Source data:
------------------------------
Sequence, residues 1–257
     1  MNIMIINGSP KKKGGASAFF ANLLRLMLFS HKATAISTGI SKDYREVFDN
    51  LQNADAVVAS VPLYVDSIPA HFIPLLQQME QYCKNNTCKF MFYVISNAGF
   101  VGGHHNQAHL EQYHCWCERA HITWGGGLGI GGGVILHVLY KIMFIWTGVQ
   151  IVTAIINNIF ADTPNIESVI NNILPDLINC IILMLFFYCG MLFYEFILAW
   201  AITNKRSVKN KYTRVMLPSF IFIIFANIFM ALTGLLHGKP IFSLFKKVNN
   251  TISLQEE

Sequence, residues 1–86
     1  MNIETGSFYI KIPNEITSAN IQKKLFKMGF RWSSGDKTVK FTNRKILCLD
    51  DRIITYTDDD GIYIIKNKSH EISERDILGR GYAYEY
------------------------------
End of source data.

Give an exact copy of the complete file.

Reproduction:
Sequence, residues 1–257
     1  MNIMIINGSP KKKGGASAFF ANLLRLMLFS HKATAISTGI SKDYREVFDN
    51  LQNADAVVAS VPLYVDSIPA HFIPLLQQME QYCKNNTCKF MFYVISNAGF
   101  VGGHHNQAHL EQYHCWCERA HITWGGGLGI GGGVILHVLY KIMFIWTGVQ
   151  IVTAIINNIF ADTPNIESVI NNILPDLINC IILMLFFYCG MLFYEFILAW
   201  AITNKRSVKN KYTRVMLPSF IFIIFANIFM ALTGLLHGKP IFSLFKKVNN
   251  TISLQEE

Sequence, residues 1–86
     1  MNIETGSFYI KIPNEITSAN IQKKLFKMGF RWSSGDKTVK FTNRKILCLD
    51  DRIITYTDDD GIYIIKNKSH EISERDILGR GYAYEY